So, we deal with all kinds of things. But the media is a particular interest right now with Gen AI and the CAI and a thing called CTPA, which defines content credentials is finally bringing the issue. Interoperability and a common language to describe provenance. So where did this thing come from?

Where has it been and what’s happened to it before it came into my my arena and then next to that at a slightly different layer, but very important layer of the stack in the IETF. I am currently co-chair of a working group in the Internet Engineering Task Force called the Supply Chain Integrity, Transparency and Trust Working Group, and that’s looking at making sure that you can verify things way into the future using an interoperable sort of receipt.

structure. So, taking this idea of blockchains where you can look at the blockchain and you can grab the transaction data and you can see, you know, is this transaction valid or not? In a sense, it’s even taking that one step forward to saying, well, now I can get a receipt for that and I can stash it somewhere.

In my in my vault or with my auditors or wherever I want to put it away from where I first got it so that I’m now certain that whenever I need to rely on this fact, like I paid my bill, or I checked that this invoice was authentic, or I know where I put that can of nuclear material, whatever it is you want to prove, you can actually now interoperably prove that thing using all of the techniques that the sort of more technically minded folks can.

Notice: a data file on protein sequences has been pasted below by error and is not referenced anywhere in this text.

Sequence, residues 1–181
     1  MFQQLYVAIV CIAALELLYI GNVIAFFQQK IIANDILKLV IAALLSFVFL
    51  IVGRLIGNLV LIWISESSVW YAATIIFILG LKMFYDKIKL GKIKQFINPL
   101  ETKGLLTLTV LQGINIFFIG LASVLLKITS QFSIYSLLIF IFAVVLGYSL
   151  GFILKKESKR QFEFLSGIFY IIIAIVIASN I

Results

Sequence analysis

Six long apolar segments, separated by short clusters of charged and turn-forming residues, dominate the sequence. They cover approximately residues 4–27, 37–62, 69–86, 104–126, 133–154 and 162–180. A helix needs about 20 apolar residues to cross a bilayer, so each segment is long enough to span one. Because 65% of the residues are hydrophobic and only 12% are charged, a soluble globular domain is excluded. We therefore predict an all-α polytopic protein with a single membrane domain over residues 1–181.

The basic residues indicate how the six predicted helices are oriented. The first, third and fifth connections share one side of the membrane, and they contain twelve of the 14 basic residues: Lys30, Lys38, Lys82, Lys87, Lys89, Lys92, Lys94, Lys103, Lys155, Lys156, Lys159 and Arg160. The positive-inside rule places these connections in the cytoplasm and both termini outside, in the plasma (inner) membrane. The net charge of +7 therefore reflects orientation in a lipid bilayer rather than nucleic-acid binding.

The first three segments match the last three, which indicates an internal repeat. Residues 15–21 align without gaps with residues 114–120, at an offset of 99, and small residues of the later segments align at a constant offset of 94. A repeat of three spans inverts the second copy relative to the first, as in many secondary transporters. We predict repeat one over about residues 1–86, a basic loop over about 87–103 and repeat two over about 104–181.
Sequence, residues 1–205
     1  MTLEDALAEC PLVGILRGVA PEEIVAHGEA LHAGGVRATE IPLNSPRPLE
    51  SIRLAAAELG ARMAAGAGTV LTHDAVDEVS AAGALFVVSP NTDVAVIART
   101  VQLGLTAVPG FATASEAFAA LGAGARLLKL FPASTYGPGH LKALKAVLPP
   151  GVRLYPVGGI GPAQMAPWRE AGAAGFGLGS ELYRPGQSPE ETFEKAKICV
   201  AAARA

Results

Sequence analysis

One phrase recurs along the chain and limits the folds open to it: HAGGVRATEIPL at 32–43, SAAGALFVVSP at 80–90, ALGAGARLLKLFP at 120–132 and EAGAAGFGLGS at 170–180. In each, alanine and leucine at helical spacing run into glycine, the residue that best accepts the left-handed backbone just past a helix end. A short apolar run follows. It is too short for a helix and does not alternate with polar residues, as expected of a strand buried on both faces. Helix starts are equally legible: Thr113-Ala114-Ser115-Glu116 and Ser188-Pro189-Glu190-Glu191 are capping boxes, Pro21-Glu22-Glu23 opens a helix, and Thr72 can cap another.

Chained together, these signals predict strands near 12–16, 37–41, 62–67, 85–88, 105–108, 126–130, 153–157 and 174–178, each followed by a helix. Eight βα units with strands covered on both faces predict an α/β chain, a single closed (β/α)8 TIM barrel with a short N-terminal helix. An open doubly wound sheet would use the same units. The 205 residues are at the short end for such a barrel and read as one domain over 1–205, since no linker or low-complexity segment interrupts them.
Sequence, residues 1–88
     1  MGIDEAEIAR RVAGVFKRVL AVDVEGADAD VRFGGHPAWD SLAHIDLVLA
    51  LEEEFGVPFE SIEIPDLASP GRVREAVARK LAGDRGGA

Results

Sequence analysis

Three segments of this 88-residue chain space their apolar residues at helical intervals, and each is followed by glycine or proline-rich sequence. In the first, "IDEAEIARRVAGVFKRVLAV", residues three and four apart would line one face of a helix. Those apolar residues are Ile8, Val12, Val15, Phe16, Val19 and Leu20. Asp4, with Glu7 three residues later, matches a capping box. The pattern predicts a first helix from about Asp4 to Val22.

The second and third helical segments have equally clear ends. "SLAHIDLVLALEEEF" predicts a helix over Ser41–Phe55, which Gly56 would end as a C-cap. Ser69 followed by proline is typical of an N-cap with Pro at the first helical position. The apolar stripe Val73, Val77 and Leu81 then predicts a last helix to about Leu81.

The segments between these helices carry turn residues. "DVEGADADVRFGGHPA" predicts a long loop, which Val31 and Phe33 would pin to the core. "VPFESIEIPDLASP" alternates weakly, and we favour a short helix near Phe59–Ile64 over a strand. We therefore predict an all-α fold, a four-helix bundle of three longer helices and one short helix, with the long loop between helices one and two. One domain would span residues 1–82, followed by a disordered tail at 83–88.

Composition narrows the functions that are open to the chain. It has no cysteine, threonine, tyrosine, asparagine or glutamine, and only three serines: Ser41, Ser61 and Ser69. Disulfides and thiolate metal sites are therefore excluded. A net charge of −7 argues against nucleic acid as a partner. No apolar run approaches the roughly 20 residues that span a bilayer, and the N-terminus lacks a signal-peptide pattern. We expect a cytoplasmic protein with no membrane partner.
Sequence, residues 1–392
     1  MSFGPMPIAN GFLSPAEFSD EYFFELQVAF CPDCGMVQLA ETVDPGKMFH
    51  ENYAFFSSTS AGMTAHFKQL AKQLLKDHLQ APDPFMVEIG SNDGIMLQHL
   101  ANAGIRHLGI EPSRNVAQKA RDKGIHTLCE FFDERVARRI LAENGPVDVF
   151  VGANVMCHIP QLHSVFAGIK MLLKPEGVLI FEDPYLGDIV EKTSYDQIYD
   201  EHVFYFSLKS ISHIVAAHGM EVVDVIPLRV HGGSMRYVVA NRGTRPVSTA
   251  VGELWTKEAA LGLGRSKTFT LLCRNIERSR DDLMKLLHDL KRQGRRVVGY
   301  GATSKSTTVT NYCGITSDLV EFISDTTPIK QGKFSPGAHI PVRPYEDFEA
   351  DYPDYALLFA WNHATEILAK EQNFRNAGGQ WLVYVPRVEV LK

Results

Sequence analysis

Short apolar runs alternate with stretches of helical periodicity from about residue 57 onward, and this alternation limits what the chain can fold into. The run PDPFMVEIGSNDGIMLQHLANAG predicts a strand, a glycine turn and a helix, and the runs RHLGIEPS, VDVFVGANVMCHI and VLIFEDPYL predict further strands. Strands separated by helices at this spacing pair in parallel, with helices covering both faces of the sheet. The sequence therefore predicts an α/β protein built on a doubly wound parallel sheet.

Listening will understand about Merkle tree inclusion proofs and things like that. You can prove all of that offline under your own control with a standard. So, we can start to really roll out these technologies, not just to sort of early adopters, but to the whole world. So, I think that’s the that’s the real.

Interesting practical step forward. I think everybody should know about.

Brian Thomas: That’s awesome. Thank you. And I appreciate you sharing some of those gems there that you’re utilizing in your tech stack. And the thing that I really get excited about when you talk about the IETF. You’re part of that task force because there’s a lot of scammers out there and they claim that you stole one of their pieces of art or whatever it is, and they want you basically to extort payment out of you for something that is totally a farce.

So, I appreciate that. And I, I can’t wait till we tighten this all up and make the world a better place for sure.

Jon Geater: Excellent. Me too.

Brian Thomas: Absolutely. So, John, it was such a pleasure having you on today and I look forward to speaking with you real soon.

Jon Geater: Yeah. Brilliant. Likewise. Thanks very much.

Brian Thomas: Bye for now.

Jon Geater Podcast Transcript. Listen to the audio on the guest’s podcast page.